There are seven types of Asian carp, but only two of these types, the bighead carp and the silver carp, are considered a threat at the moment. The Great Lakes Fishery Commission records that these carp can get up to four feet and be as big as one hundred pounds. The GLFC also reports that the fish prefer the cold temperatures of the Lakes. Asian carp are bottom feeders; they feed on the lowest part of the food chain, so they are forcing native fish into competing for food such as plankton. They are known to be able to eat two or three times their body weight each day, says Thomas Quail of Michigan Trout Unlimited. They also have the ability to reproduce at a fast rate, which means they can take over an area quickly and with great ease. The United States Environmental Protection Agency reported that the Asian carp are capable of protruding up to 10 feet out of the water by jumping. According to the Canadian Broadcasting Corporation news, the Asian carp were first brought to the United States in the 1970s to be used for algae control, but in the 1990s they began to spread to the Mississippi River due to flooding. These fish, originally from Asia, are sti...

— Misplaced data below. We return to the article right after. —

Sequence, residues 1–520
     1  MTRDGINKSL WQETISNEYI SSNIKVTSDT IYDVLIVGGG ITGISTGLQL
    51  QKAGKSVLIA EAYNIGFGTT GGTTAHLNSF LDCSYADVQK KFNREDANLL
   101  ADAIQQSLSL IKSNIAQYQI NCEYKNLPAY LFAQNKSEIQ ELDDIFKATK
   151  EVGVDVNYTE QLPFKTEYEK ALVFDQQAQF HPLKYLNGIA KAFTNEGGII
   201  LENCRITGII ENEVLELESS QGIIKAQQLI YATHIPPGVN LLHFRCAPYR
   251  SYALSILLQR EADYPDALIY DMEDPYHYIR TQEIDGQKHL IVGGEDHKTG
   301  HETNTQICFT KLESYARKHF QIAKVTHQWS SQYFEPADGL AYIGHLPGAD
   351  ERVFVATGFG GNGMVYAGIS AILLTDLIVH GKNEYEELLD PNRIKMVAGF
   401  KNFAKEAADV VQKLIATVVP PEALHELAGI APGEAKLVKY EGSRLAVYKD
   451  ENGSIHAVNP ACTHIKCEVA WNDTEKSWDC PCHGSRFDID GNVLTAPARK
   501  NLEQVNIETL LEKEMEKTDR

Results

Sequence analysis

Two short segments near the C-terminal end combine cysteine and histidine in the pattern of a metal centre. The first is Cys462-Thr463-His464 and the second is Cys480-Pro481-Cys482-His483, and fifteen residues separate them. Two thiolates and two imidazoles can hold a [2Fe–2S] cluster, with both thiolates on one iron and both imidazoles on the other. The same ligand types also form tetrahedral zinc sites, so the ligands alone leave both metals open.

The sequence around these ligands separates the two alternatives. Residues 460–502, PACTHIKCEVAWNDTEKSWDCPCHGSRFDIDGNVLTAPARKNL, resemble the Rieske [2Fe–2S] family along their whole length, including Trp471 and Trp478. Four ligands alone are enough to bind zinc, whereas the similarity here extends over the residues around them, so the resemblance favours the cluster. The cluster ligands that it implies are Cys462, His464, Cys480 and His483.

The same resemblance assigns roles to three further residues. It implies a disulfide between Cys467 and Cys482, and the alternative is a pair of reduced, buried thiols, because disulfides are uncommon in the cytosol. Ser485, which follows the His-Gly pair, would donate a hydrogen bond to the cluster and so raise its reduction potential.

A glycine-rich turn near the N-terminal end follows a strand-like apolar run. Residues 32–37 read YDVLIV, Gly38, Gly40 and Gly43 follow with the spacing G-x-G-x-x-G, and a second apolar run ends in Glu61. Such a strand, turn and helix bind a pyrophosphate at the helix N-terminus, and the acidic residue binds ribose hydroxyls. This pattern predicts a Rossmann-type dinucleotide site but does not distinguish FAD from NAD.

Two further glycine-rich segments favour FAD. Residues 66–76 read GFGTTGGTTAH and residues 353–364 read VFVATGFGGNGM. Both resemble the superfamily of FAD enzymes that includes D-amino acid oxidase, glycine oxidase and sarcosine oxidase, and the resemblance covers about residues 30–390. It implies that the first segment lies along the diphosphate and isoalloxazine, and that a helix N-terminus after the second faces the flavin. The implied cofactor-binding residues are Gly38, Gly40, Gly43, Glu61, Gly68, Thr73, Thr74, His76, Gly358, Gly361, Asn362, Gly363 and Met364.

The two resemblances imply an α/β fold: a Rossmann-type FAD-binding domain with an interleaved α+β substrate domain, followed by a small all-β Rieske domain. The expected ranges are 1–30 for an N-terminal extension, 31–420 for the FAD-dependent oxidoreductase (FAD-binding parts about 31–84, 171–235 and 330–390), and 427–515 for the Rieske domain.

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"Officials simulate Great Lakes carp spill scenario." Canadian Broadcasting Corporation [CBC] 11 Mar. 2011. General OneFile. Web. 28 Mar. 2011.
"Asian Carp Species." Environmental Protection Agency. 2 Apr. 2011. Web. 2 Apr. 2011.
Caroffino, David. E-mail interview. 16 Apr. 2011.
DNR. "Asian Carp Management Plan." Michigan.gov/dnr. State of Michigan, 2011. Web. 17 Apr. 2011.
"Exotic Species -- Asian Carp." Great Lakes Fishery Commission. Web. 2 Apr. 2011.
Quail, Thomas. E-mail interview. 17 Apr. 2011.
"Stop! Acoustic bubbles ahead. (Spectrum)." Environment 44.10 (2002): 6. Academic OneFile. Web. 28 Mar. 2011.
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